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Tuesday, October 23, 2012
Formulas for stopping a Heisman candidate

By Sharon Katz, ESPN Stats & info

Two of the top Heisman Trophy candidates, West Virginia’s Geno Smith and Texas A&M’s Johnny Manziel, were shut down in their own buildings on Saturday. How did it happen?

Kansas State dropped in coverage and limited big plays
Kansas State did not do anything tricky on defense in its 55-14 win over West Virginia. The Wildcats played coverage and tackled. They had a season-low three missed tackles and dropped at least seven defenders in coverage on 42 of Smith’s 43 dropbacks. The extra coverage limited Smith’s deep options and provided less space for West Virginia’s shifty receivers.

Entering the game, West Virginia was one of the top big-play passing offenses in FBS, averaging 7.8 completions of 15 yards or longer per game. Kansas State did not allow one 15-yard completion, the first time since October 2008 that West Virginia failed to complete one such pass.

Kansas State did not allow Smith to beat the Wildcats deep. Smith was 0-for-5 on passes that traveled at least 15 yards in the air. Smith had completed one pass of this distance in 24 straight games before Saturday.

In his past two games, both losses, Smith has completed just 8.7 percent of his throws 15 yards or longer, with 12 of his 21 incompletions being off-target (overthrown, underthrown or wide). In his first five games of the season, Smith had just eight off-target 15-yard throws.

Without a viable deep game, Smith looked short to his receivers and hoped that one of the nation’s top teams at running after the catch could break some long plays.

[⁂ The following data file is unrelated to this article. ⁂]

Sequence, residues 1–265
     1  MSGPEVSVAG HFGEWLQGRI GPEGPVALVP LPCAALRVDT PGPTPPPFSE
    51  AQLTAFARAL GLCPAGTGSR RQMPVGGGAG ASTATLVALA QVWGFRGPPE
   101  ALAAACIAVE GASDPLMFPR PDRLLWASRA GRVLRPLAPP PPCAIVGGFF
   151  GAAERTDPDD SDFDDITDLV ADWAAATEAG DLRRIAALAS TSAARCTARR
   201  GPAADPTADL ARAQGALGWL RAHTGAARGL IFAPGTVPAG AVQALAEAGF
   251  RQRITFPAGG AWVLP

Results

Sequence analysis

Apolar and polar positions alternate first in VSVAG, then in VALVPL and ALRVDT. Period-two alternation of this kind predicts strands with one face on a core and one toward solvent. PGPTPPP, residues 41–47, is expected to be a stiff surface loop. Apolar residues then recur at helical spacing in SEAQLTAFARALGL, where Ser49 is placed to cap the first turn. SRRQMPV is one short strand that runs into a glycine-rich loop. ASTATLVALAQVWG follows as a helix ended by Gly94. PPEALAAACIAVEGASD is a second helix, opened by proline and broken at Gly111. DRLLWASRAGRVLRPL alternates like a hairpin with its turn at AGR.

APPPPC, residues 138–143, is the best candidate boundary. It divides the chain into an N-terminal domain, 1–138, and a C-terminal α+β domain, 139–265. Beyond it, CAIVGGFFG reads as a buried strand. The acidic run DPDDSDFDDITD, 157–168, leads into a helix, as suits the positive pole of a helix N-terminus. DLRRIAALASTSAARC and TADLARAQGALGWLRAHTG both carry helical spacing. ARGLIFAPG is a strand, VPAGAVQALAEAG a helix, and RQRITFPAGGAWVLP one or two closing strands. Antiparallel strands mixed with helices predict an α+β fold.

West Virginia was averaging 203.8 yards after the catch per game, including 85.5 yards after the catch on screen passes. But against the Wildcats, West Virginia was held to a season-low 117 yards after the catch and 65 yards after the catch on eight screen passes.

Entering the game, Tavon Austin led receivers from AQ schools with 491 yards after the catch. Against Kansas State, Austin gained only 29 yards after the catch, his fewest in a game since the start of 2011.

Manziel Limited Outside of the Pocket
Against LSU, Manziel was held to a season-low 27 yards rushing, including just 25 yards on scrambles. Manziel entered the game leading the SEC in rushing yards (475), touchdowns (7) and first downs (20) when scrambling.

Manziel attempted as many scrambles as normal, but failed to break any long runs. His longest scramble against LSU gained 14 yards. In his first six games, Manziel had 12 15-yard scrambles, including six touchdowns.

With LSU taking away the running lanes, Manziel attempted a career-high 56 passes -- including 49 inside of the pocket, or 16 more than he had ever attempted in the pocket.

Inside of the pocket against LSU, Manziel completed 55.1 percent of his passes and averaged a season-low 5 yards per attempt. Even worse, Manziel threw two interceptions from inside the pocket for the first time this season. Entering the game, Manziel was completing 69.3 percent of his passes inside of the pocket with just two interceptions in 150 attempts.